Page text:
About This Blog

Don't get me wrong. It's not that I'm not on board with the whole ebook thing. I enjoy books in all their formats. But there is nothing quite like a bookstore with its neatly arranged shelves of books and artfully created displays of new arrivals, best sellers, and suggested reading. I especially enjoy discovering small, independent bookstores and have made it my mission to visit and report back on as many of these gems as I can. That is my focus, but there is really nothing that is off limits as long as it is about books or reading. Hope you enjoy my blog and come back often.

My Favorites

These are titles that are particular favorites of mine. I have read, and in many cases, reread them. I fully expect this list to grow over time. These books have made a lasting impression on me, and perhaps they will appeal to you too.

In no particular order:

A Man Called Ove by Fredrik Backman
See previous post: This Is Not A Book Review.

Cloud Atlas by David Mitchell is a contender for my favorite book. I found it to be breathtakingly brilliant. See my full review:  Cloud Atlas

The Book Thief by Markus Zusak, considered a YA novel, but appropriate for adults as well, this one is my favorite book of all time.

Code Name Verity by Elizabeth Wein. Strong women, secret missions, WWII? What's not to like? For more details see Winter is a great time to read.

State of Wonder by Ann Patchett. I enjoyed this one, but I would not have called it one of my favorites until I read it a second time concurrently with the classic, Heart of Darkness, by Joseph Conrad. Like the film, Apocalypse Now, Patchett's novel parallels the story line and themes of the classic novel, but I think goes a step above. Patchett brings the story to life in our modern era complete with modern ethical questions. Reading the two novels simultaneously gave me a greater appreciation for both books and made me keenly aware of Patchett's skill and artistry as a writer.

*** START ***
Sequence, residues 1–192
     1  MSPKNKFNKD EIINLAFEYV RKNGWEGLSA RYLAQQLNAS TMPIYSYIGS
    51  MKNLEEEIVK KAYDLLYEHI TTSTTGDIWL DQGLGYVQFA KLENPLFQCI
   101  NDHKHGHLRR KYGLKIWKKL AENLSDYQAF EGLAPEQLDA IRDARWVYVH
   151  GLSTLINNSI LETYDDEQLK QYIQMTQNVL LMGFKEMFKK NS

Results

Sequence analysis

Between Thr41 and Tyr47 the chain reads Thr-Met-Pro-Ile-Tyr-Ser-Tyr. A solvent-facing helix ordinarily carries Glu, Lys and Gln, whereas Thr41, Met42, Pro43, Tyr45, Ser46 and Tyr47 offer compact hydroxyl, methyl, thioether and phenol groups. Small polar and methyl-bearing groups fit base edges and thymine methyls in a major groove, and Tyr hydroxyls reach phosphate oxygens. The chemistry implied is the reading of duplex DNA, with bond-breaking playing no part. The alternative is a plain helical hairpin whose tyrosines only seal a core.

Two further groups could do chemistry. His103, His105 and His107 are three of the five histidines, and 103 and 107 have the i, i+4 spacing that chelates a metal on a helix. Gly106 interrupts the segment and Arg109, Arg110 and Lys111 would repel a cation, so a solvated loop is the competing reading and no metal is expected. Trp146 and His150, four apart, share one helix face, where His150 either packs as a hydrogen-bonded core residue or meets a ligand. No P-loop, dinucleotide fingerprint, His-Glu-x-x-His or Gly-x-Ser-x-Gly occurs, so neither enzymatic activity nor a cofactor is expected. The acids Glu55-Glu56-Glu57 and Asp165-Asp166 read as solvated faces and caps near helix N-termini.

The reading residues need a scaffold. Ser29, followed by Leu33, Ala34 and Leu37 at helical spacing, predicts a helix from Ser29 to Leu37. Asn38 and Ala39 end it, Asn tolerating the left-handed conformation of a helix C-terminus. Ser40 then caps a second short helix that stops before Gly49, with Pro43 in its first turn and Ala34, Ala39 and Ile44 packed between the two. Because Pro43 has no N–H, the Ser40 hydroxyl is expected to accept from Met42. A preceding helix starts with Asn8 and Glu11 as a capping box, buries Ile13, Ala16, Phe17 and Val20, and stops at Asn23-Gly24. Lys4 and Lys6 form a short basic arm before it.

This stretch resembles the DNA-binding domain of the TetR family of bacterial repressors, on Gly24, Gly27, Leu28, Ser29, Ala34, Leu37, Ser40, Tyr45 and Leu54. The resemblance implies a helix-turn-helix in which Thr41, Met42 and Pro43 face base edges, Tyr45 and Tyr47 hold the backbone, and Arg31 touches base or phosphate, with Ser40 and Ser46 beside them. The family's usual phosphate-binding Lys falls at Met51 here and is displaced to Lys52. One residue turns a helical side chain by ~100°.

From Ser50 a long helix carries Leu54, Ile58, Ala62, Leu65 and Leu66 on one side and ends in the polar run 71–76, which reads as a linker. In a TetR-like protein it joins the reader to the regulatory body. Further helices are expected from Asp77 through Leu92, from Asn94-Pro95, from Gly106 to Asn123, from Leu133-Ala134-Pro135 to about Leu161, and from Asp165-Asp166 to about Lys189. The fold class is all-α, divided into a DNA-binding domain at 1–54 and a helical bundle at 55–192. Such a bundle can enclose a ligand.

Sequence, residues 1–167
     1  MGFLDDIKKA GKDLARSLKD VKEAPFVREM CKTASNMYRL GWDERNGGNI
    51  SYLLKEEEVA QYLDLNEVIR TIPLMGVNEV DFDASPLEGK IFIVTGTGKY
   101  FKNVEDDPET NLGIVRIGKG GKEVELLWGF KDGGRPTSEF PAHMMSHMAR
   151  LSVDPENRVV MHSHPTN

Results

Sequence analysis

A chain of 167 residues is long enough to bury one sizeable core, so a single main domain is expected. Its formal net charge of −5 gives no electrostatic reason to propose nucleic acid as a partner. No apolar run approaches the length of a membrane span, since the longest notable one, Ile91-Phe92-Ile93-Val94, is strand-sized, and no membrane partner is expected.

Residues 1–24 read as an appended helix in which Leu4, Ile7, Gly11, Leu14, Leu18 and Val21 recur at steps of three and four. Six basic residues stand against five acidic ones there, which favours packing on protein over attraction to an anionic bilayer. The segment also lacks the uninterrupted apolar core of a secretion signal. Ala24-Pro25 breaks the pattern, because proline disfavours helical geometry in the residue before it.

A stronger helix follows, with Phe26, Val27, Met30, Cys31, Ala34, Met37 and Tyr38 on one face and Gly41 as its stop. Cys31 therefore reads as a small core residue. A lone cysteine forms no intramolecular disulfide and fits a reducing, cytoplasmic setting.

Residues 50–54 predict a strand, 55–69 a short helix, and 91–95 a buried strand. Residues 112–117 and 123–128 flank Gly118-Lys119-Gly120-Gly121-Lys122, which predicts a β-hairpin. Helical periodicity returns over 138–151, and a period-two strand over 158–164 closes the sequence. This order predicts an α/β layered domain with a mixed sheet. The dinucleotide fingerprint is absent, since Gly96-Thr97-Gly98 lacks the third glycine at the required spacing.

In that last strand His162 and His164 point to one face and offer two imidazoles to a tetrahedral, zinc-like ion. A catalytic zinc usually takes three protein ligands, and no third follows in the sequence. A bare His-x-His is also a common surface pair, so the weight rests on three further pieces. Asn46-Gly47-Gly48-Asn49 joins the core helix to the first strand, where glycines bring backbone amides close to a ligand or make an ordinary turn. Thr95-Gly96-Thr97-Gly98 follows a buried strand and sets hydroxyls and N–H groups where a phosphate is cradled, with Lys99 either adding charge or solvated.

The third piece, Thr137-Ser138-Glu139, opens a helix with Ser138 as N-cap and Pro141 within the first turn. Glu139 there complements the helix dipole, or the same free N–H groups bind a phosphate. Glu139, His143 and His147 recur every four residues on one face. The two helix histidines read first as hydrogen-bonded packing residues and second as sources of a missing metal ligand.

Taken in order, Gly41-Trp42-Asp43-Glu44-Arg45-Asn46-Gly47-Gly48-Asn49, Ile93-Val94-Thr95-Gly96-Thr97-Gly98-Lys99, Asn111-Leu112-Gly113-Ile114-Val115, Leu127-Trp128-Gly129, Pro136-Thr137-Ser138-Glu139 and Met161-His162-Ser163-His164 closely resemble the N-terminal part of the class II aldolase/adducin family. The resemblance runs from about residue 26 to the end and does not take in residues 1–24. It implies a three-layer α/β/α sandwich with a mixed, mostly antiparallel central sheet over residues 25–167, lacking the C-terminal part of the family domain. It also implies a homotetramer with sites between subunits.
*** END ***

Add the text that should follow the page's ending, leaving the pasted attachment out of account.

Silas Marner by George Eliot, my favorite classic novel.

Great Expectations by Charles Dickens, my second favorite classic novel.

Straight Man by Richard Russo, a funny yet poignant novel that will have a distinct appeal to English teachers, professors, and writers or anyone who appreciates a good tale and witty turn of phrase.

Okay For Now, The Wednesday Wars, and Trouble, all by Gary Schmidt. Once again YA titles make the list. Schmidt is one of my favorite authors. The depth and richness of his writing is remarkable.

Holes by Louis Sachar. One of the rare instances in which the movie was indeed as good as the book. Could it be because Sachar wrote the screenplay?
The Cardturner also by Louis Sachar. Coming of age, teen love, mysterious happenings, channeling dead people, and bridge--what's not to like? I don't care about bridge or know anything about it. Doesn't matter. This book is great.

To Kill a Mockingbird by Harper Lee. OK, so the movie version of this one was pretty good too. Like most people I had to read this one in high school, but actually fell in love with it. Thank you, Mr. Heaton.

An American Summer by sports writer, Frank Deford. This book blew me away. The story and characters are compelling and memorable. I highly recommend you read this one if you can find it.
Bliss Remembered also by Frank Deford. Forbidden love at, of all places, the 1936 Berlin Olympics. Love this one every bit as much as An American Summer.

The Kite Runner and A Thousand Splendid Suns by Khaled Hosseini. Both poignant and haunting.

An Abundance of Katherines by John Green, the talented YA author whose book, Looking For Alaska, I first discovered in the Book Mark in Ludington. Katherines is one of my favorite titles of his so far. It will have special appeal to those who appreciate quirky, creative, and unique characters.

The Fault In Our Stars by John Green. Okay, this one is even better than Katherines. Funny, touching, sad, yet uplifting with the usual John Green witty dialog. Fair warning, you will need Kleenex for the last 50 pages.

The Help by Kathryn Stockett. Being a child of the 60's, I can relate to this book on a variety of levels. The movie does an admirable job of distilling the key elements of the book. But of course, the book is always better.


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